Copyright © 2021 Albuquerque Journal
Public Service Company of New Mexico released two new “requests for proposals” Monday morning for energy developers to potentially supply up to 700 megawatts of new electric-generating capacity.
That includes an RFP for 200 MW of power to meet projected electric demand and to guarantee grid reliability when PNM abandons the coal-fired San Juan Generating Station near Farmington in June 2022.
New replacement generation is needed because one of the four solar farms with back-up battery storage that is planned to replace San Juan next year is behind schedule and won’t be operational in time, said PNM Vice President of Generation Tom Fallgren.
That project, a 100 MW solar facility with 30 MW of battery back-up, represents about 14% of the 950 MW of total San Juan replacement power that the state Public Regulation Commission approved last year. PNM filed an official notice with the PRC on Monday that 8minute Solar Energy – the utility-scale development company behind the 130 MW Rockmont Project in San Juan County – has missed critical deadlines. In fact, the company, which was contracted by PNM under order by the PRC, recently told PNM it can’t meet its contract requirements to bring Rockmont online by June 2022, Fallgren said.
“We needed to raise a red flag at the PRC that the Rockmont project won’t make the target date,” Fallgren told the Journal.
The PRC may need to decide if PNM should continue with Rockmont and let it come online later than expected, or replace it with another project, Fallgren added.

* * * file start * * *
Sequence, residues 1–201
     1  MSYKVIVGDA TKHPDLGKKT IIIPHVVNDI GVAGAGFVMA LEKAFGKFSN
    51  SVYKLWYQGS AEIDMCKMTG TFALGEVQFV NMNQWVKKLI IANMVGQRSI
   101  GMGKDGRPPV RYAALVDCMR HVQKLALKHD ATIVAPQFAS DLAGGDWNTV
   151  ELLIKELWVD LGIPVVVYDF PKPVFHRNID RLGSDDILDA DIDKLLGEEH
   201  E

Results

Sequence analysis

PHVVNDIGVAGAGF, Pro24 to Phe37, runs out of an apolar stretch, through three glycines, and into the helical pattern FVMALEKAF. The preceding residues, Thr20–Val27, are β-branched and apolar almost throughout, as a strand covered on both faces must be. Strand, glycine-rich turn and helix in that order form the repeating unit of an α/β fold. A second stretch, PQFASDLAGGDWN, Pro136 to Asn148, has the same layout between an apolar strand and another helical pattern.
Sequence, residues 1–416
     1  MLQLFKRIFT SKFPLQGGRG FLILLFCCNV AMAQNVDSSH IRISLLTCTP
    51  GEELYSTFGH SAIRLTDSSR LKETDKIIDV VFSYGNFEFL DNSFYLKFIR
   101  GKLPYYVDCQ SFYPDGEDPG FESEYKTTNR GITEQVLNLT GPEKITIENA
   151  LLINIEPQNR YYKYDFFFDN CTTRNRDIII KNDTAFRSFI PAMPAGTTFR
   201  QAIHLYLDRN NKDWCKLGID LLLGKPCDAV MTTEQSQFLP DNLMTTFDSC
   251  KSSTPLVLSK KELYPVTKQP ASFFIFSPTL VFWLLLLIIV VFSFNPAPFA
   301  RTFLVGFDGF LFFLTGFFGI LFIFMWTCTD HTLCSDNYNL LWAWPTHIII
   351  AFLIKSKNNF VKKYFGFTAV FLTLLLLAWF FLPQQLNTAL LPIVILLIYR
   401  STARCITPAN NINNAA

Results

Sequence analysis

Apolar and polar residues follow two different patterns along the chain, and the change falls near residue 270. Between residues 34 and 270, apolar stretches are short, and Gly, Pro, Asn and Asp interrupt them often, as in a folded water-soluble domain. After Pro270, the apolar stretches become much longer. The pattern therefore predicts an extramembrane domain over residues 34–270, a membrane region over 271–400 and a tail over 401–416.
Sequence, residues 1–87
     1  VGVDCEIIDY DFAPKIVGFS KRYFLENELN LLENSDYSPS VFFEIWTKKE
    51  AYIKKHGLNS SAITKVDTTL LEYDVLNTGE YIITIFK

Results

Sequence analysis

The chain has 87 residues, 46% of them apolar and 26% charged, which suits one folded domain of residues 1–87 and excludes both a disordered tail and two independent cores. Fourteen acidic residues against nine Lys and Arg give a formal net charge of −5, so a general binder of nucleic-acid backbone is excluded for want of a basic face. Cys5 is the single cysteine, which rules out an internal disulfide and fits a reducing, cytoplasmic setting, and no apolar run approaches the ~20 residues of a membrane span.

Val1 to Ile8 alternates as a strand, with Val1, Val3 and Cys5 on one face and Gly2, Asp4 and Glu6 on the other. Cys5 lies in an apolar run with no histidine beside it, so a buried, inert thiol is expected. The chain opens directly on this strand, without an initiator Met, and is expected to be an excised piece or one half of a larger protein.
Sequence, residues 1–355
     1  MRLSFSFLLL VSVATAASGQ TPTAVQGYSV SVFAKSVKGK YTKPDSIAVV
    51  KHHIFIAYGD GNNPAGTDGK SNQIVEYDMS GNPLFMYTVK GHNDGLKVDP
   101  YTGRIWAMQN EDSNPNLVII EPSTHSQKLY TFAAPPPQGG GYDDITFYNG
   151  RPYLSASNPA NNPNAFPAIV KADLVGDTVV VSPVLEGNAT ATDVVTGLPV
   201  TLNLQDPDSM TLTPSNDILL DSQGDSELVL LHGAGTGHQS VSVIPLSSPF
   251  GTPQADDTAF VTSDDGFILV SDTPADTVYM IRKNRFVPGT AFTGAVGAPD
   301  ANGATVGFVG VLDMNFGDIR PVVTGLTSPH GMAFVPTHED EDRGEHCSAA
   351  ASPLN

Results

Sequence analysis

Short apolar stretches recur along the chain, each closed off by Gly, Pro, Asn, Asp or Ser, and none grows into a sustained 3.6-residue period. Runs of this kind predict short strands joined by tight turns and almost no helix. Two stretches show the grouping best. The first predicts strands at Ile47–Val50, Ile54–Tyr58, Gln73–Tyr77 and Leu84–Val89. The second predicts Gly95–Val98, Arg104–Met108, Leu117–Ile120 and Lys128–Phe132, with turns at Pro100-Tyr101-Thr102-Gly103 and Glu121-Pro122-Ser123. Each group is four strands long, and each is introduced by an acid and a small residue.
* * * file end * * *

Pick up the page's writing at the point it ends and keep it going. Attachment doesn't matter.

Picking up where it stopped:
In addition, apart from the Rockmont problems, rolling blackouts in California during last summer’s record-breaking heat wave – plus the winter freeze this past February that left tens of thousands of Texans without power for days – show that New Mexico can’t depend on importing power from other states during extreme weather events, Fallgren said. When approving San Juan replacement power last year, the PRC assumed that 200 MW or more of out-of-state generation would always be available to purchase on the western wholesale market if needed when the sun doesn’t shine or the wind doesn’t blow.
But the California and Texas events cast doubt on those assumptions, and now, to ensure grid reliability in all situations, PNM wants at least 200 MW or more of additional local generating capacity always available.
“California and Texas have demonstrated that during extreme events there may be no market resources available,” Fallgren told the Journal. “There may well be regional electricity available during calmer months, say in the fall or spring, but not necessarily during critical summer months when extreme heat taxes regional generating systems, or during a deep winter freeze.”
As a result, PNM issued a second RFP Monday seeking an additional 500 MW of new generation. That will provide more reserve generating capacity for grid reliability.